I have mentioned before that our house is located in the central fireworks district of our county. On the Fourth of July, this means we have a 360° view of fireworks for at least an hour after sunset (plus the random canon shot) without leaving home! Always keen to hone my photography skills, I aimed my camera at a neighbor’s house where about 50 people had gathered for a fireworks show. I am not sure how he funds his display, but this neighbor puts on an explosive show. While filming the fireworks, I occasionally peeked at the camera’s display and decided from those previews that I just wasn’t getting anything worth saving. Now this might have been because it was past my bedtime when the show started and I was very sleepy or because the mosquitoes had sucked all the blood from my brain or because I am too old to really see the camera display, but my belief that I had wasted my time caused me to lay my camera aside and not even look at the photos for a few weeks. That is why you are just now seeing them! It turns out they weren’t too bad for an amateur. Unfortunately I don’t have any monuments in my neighborhood to use as a backdrop and I didn’t think anyone would believe it if I just stuck the Eiffel Tower in there 🙂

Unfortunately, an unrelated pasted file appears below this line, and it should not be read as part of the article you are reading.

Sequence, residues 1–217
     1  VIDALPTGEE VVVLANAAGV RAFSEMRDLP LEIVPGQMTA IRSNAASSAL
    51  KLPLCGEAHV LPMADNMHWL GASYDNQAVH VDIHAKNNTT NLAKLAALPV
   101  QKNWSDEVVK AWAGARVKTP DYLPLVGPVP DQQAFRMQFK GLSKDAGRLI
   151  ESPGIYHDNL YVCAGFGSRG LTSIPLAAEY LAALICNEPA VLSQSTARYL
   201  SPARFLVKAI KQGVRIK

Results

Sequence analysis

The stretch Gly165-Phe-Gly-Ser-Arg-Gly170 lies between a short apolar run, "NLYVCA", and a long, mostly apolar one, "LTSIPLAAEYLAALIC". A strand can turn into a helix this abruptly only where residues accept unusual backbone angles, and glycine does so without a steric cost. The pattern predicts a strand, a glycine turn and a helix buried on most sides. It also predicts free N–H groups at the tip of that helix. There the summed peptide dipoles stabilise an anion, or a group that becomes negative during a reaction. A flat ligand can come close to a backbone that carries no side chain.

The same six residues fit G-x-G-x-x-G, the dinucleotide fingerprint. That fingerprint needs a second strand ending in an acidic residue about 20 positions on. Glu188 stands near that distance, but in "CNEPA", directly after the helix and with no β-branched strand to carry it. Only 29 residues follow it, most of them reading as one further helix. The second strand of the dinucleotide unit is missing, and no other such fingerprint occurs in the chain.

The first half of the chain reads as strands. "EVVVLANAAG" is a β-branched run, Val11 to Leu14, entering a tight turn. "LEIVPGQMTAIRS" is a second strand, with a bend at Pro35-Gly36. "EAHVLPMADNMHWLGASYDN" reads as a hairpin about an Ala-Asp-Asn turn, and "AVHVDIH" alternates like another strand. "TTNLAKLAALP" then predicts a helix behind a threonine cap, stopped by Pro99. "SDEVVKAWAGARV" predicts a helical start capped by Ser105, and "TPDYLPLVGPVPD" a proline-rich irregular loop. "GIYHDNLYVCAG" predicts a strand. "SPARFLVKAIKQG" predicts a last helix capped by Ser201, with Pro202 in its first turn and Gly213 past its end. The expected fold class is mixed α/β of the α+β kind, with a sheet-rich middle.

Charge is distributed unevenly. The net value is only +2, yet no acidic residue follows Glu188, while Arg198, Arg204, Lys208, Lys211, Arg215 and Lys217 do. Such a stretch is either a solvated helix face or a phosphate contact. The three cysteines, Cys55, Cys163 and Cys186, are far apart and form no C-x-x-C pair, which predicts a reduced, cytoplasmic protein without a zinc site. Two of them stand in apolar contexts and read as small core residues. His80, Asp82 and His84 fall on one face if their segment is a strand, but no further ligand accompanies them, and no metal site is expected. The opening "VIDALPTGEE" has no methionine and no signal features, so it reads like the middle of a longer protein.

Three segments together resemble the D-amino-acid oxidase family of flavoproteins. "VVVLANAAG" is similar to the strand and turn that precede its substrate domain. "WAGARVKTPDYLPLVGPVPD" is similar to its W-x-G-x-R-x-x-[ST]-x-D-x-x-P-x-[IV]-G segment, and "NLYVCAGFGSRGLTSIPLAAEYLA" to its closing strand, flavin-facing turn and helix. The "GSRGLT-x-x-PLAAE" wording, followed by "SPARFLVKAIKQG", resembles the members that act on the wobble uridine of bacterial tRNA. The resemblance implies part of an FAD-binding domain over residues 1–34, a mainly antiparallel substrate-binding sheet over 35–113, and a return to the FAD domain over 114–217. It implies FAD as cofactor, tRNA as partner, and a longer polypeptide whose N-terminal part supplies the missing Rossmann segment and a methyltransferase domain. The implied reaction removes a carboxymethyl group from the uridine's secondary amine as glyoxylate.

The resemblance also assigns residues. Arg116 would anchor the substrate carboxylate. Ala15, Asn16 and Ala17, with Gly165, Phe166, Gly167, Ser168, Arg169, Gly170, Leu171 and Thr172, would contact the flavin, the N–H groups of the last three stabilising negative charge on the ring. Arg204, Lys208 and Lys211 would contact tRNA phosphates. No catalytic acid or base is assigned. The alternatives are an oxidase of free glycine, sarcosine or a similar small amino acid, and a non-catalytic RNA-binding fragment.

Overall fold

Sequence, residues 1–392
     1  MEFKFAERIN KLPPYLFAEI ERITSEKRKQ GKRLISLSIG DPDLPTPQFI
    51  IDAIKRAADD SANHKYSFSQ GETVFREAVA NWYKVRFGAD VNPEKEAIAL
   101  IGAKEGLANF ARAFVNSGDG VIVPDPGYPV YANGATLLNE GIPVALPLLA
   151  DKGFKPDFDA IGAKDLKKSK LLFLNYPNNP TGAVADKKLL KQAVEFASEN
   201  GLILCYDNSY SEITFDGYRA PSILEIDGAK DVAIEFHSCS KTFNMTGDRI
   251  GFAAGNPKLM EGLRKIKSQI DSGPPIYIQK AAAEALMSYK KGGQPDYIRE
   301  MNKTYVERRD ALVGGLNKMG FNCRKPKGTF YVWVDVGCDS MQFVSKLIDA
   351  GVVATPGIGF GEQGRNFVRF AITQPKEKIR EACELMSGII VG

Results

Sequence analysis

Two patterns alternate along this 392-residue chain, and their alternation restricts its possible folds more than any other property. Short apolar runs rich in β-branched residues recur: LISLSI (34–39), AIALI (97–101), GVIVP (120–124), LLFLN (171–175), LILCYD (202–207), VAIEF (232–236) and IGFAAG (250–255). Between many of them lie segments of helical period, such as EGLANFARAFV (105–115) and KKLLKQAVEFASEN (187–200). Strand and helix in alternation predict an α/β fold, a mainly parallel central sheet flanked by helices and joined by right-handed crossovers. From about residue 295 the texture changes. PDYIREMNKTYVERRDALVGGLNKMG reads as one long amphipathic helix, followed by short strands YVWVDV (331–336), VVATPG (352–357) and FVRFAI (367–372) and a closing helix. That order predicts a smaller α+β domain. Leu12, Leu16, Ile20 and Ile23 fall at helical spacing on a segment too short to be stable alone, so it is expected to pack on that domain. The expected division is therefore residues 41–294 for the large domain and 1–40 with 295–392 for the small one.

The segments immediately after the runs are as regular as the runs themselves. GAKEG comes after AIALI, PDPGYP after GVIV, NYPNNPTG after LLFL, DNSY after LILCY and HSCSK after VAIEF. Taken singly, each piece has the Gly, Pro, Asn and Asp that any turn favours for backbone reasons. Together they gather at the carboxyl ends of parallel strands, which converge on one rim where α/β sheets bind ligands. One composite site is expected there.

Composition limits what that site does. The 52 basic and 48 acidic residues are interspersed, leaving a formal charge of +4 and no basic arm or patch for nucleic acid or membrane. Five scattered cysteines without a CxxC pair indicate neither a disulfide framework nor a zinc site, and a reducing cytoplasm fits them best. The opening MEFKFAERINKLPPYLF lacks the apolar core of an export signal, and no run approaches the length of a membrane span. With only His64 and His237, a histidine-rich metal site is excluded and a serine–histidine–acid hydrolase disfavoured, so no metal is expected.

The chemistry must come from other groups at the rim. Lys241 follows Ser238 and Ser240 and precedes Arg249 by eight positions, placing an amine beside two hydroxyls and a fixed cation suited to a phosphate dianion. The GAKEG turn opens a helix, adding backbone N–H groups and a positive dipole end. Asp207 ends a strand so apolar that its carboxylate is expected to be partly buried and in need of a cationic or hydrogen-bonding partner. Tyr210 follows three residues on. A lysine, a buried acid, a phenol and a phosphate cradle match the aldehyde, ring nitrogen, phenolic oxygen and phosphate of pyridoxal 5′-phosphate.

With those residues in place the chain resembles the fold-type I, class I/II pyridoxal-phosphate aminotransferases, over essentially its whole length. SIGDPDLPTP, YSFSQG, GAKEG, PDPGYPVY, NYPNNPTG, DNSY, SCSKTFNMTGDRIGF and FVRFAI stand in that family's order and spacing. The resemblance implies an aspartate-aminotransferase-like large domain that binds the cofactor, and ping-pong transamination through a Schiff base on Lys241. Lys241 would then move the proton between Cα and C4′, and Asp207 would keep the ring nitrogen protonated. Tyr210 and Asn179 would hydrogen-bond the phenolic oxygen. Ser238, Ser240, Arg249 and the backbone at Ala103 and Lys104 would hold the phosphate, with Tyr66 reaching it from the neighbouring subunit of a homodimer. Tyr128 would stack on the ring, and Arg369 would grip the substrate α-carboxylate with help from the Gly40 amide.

There are many ways to take fireworks pictures – just search the web and you will see what I mean. Here is my method:
- Use a tripod
- Turn off all autofocus (camera and lens) and focused on infinity
- I used F14 and ISO 200 with remote shutter – but you have to experiment with these settings based on your conditions.
- When a set of fireworks started, I opened the shutter and kept it open, then just put a piece of black cardboard in front of the lens between bursts of fireworks (don’t touch the camera with the cardboard). After 3 of 4 fireworks bursts, I released the shutter.
- I shot these in raw format so I could layer them if I did not get enough burst in a shot.
Here are links to other ideas for taking fireworks pictures: